No one appreciates the intellectual property of others more than me, because as a reader many great authors have given me hours and hours of pleasurable escape through their stories. Unlike my favorite authors I do not have the gift to imagine characters and worlds and to capture those worlds on paper. It takes great effort to create, and I want to always respect that effort no matter the medium.
As I have attempted to work on my blog this evening, and in an effort to write better blog posts per Wes Fryer’s suggestions, I have been conscious of finding images that are copyright free or may be used through a creative commons license. As I begin to utilize Web 2.0 tools in teaching both blended and online classes, I will expect my students to abide by the same rules, and I will assess them accordingly.
Since I teach primarily elementary aged students, it is imperative that I actually teach ethical use and respect for intellectual property. I cannot expect my students to know what is fair use of material for an educational project. The video above was created by students at Stanford to explain fair use. While not all of it will make sense to my students on first viewing, they will recognize the film clips. Hopefully this will engage the students and, at the very least, ignite their curiosity so that we can talk about respecting intellectual property in the information age.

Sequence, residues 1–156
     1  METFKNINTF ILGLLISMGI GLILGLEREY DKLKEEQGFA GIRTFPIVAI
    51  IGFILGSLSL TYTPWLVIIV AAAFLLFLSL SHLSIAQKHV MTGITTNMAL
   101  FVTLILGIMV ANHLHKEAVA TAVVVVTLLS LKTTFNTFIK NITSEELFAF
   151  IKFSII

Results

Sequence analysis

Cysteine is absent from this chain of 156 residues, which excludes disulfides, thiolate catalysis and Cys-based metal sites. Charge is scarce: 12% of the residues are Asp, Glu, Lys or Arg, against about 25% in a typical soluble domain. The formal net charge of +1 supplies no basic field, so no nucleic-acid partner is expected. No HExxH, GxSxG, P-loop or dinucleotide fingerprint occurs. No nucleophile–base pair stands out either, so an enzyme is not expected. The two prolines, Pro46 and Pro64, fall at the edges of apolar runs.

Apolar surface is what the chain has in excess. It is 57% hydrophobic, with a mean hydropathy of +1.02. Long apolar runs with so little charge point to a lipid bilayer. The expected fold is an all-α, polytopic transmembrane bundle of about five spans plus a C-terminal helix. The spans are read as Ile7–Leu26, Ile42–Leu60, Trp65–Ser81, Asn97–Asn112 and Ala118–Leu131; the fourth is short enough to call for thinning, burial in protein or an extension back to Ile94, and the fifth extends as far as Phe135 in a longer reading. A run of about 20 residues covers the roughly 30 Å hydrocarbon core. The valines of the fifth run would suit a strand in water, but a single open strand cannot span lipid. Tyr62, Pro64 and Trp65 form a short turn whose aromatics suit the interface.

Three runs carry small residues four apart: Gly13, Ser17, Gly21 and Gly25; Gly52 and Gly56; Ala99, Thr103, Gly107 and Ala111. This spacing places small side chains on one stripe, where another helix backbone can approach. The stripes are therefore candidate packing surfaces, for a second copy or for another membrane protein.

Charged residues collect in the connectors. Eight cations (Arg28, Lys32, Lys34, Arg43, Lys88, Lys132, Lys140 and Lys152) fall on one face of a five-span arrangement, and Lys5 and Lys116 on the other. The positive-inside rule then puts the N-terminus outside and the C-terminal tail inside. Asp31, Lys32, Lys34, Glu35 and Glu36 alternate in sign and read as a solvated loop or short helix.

Creative Commons License photo credit: Mexicanwave
I have always considered myself a reader, and I am a picky reader which makes writing blog posts a challenge to me. As a reader, I hold writing in high regard, and I know that my blog posts do not meet the high standards that I hold as a reader of other blogs. I have followed Wes Fryer’s blog, Moving at the Speed of Creativity, for awhile and just this week he posted Ten Ways to Write Better Blog Posts. As I continue my blogging journey, I will keep Wes’s tips in mind. Instructors using blogs as assessment tools could utilize these excellent suggestions to develop a rubric for evaluating blog posts.
Discovery School Clipart